Facilities also are continuing their efforts to become more sustainable, and one of the key functions of the Smart Grid — accommodating all power generation and storage options — can play a part. The design of today's electrical grid cannot integrate consumer-owned renewable sources, characterized by their intermittent production. Many financial incentives exist for sustainability initiatives, but the expanded use of these technologies affects a utility's ability to manage its peak generation.
One goal of the Smart Grid is to seamlessly interconnect fuel cells, renewable sources, microturbines and other distributed-generation technologies at all levels. This goal includes improvements dealing with fundamental challenges of bi-directional power flow on distribution systems, along with support of innovations related to energy storage. All of these innovations will enhance a manager's ability to control energy costs.
One key benefit for facilities from the Smart Grid involves the improvements in grid efficiency and resiliency that utilities have planned. As the grid becomes more intelligent, it will be able to automatically self-monitor and assess its reliability and adapt to changing conditions.
This enhanced functionality will mean greater reliability for customers, improved power quality, and potentially fewer failures of bulk-power systems. The communications overlay on the energy-distribution network also might have potential for new services, such as fire-alarm monitoring that can automatically shut off power in specific areas.
Most utilities have Smart Grid programs. Many of them involve testing of the technology via installation of utility-controlled smart meters or smart equipment. For managers interested in tapping the potential of Smart Grid technology, the first step is to contact their utilities. Preparing an energy measurement and use policy for the facility also is critical.
As energy costs continue to fluctuate, the economic incentives will only grow. Adding a more intelligent energy-management system will enable managers to take control of their organizations' energy future.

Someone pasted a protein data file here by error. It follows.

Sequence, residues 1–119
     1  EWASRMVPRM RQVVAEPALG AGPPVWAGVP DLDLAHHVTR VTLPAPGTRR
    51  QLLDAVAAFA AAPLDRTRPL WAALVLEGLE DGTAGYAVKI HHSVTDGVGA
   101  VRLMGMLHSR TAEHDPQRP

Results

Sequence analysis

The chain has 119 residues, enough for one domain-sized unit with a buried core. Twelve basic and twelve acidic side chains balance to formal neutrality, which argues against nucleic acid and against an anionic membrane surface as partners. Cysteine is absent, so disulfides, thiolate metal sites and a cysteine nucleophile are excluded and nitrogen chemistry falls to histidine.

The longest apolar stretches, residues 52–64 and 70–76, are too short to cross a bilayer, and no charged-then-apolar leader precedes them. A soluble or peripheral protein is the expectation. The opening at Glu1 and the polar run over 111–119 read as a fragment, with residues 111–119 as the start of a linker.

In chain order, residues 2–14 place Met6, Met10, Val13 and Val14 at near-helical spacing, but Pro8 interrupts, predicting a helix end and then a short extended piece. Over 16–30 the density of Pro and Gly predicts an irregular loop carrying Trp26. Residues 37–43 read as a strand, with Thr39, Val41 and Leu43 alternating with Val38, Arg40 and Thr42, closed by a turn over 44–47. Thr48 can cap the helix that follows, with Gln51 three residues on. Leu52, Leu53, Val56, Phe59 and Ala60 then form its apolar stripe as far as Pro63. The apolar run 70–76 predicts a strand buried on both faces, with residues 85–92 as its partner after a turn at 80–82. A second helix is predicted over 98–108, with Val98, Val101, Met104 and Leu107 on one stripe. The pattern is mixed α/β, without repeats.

Ironically, although the creation of the Smart Grid and the standards by which the Smart Grid is being developed largely affect utilities — and utilities must install most of the infrastructure required to make the Smart Grid a reality — many of the top advances in Smart Grid technology have been in the consumer infrastructure market. The challenge for utilities is building the infrastructure needed to make the Smart Grid a reality to prevent a backlash against utilities if the technology cannot do what facilities expect.
Fortunately, the grid is becoming smarter every day. Managers who take advantage of the technologies evolving in the wake of the Smart Grid's development will find themselves with greater power to control their organizations' energy futures.
Kelly Mamer, P.E., LEED AP, is associate principal of Sparling, an electrical engineering and technology consulting firm with offices in Seattle, San Diego, Portland, and Houston. He has more than 20 years of electrical engineering experience in health care, hospitality, government, commercial, retail, and higher education facilities.
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